CHAPTER I. OUTWARD BOUND.
OUR story opens in that broad, far-reaching expanse of water which lies deep and blue between the two hemispheres, some fifteen degrees north of the equator, in the latitude of Cuba and the Cape Verd Islands. The delightful trade winds had not fanned the sea on a finer summer's day for a twelvemonth, and the waves were daintily swelling upon the heaving bosom of the deep, as though indicating the respiration of the ocean. It was scarcely a day's sail beyond the flow of the Caribbean Sea, that one of those noblest results of man's handiwork, a fine ship, might have been seen gracefully ploughing her course through the sky-blue waters of the Atlantic. She was close-hauled on the larboard tack, steering east-southeast, and to a sailor's eye presented a certain indescribable something that gave her taut rig and saucy air a dash of mystery, which would have set him to speculating at once as to her character and the trade she followed.
Few things can be named that more potently challenge our admiration than a full-sized ship under way; her myriad of ropes, sails and appointments, all so complete and well-controlled, the power of her volition, the promptness with which she obeys the slightest movement of the helm, the majestic grace of her inclination to the power of the winds, and the foaming prow and long glistening wake, all go to make up the charm and peculiarity of a nautical picture. There is true poetry in such a scene as this, beauty fit to move the heart of an anchorite. No wonder the sailor loves his ship like a mistress; no wonder he discourses of her charms with the eloquence of true love and confiding trust; no landsman can be more enamored of his promised bride.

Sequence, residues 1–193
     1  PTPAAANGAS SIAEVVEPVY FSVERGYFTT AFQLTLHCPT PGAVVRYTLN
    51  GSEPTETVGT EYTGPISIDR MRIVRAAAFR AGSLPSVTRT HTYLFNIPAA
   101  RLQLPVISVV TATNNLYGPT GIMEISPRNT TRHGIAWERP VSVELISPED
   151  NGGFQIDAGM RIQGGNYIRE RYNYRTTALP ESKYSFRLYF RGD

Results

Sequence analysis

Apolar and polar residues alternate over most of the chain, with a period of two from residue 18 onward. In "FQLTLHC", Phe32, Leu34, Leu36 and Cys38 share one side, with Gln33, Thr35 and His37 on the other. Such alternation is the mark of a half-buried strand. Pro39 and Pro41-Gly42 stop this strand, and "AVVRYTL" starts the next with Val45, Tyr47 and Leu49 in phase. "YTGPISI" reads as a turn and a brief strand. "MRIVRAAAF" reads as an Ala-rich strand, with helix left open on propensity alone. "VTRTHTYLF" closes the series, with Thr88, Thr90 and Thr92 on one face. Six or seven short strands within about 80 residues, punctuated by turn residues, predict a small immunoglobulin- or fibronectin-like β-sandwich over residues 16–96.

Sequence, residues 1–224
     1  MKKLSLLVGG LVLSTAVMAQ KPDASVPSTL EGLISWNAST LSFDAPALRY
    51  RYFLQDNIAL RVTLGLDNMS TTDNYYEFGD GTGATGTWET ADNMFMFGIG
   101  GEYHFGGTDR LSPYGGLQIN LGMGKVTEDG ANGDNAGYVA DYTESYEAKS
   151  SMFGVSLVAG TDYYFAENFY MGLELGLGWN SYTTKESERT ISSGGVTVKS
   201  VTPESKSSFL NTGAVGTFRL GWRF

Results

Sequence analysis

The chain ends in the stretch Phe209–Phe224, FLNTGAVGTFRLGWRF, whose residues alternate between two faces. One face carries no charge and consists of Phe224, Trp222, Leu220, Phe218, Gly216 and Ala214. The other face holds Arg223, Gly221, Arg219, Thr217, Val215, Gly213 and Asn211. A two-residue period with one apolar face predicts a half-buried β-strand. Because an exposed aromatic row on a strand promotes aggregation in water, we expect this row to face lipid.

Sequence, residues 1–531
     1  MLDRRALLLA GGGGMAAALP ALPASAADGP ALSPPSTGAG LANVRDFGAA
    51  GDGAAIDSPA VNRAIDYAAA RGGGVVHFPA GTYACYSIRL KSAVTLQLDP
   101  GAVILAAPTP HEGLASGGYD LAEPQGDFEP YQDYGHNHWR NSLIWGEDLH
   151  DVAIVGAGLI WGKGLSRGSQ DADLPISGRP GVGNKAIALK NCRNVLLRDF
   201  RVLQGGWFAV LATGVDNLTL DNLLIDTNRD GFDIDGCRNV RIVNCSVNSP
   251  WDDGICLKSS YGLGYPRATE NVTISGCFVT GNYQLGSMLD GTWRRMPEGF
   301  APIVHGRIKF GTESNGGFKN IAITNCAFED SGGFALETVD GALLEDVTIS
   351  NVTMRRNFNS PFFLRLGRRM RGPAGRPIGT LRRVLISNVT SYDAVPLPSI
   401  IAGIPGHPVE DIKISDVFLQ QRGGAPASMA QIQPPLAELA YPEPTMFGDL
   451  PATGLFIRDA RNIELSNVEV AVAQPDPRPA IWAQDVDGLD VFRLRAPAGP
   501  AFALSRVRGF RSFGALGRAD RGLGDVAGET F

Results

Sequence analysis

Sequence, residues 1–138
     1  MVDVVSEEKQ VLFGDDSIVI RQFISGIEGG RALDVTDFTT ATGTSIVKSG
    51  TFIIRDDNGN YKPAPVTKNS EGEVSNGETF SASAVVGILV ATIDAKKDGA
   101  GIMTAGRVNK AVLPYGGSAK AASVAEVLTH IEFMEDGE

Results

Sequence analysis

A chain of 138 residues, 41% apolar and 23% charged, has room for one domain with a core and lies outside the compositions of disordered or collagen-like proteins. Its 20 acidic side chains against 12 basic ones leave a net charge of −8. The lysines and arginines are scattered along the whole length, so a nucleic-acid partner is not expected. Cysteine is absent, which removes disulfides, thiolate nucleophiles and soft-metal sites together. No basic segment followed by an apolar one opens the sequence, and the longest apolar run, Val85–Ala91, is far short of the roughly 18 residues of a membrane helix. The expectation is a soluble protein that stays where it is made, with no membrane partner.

But the craft to which we especially refer at the present writing, was a coquette of the first class, beautiful in the extreme, and richly meriting the name that her owners had placed in golden letters on her stern—the "Sea Witch." She was one of that class of vessels known as flat upon the floor, a model that caused her to draw but little water, and enabled her to run free over a sandbar or into an inlet, where an ordinary ship's long boat would have grounded. She was very long and sharp, with graceful concave lines, and might have measured some five hundred tons. Speed had evidently been the main object aimed at in her construction, the flatness of her floor giving her great buoyancy, and her length ensuring fleetness. These were points that would at once have struck a sailor's eye, as he beheld the ship bowling gracefully on her course by the power of the trade winds that so constantly befriend the mariners in these latitudes.
We have said that the "Sea Witch" was of peculiar model, and so indeed she was. Contrary to the usual rig of what are called clipper ships, her masts, instead of raking, were perfectly upright, for the purpose of enabling her to carry more press of sail when need be, and to hold on longer when speed should be of vital importance—that the straighter construction of the masts furthers this object, is a fact long since proven in naval architecture....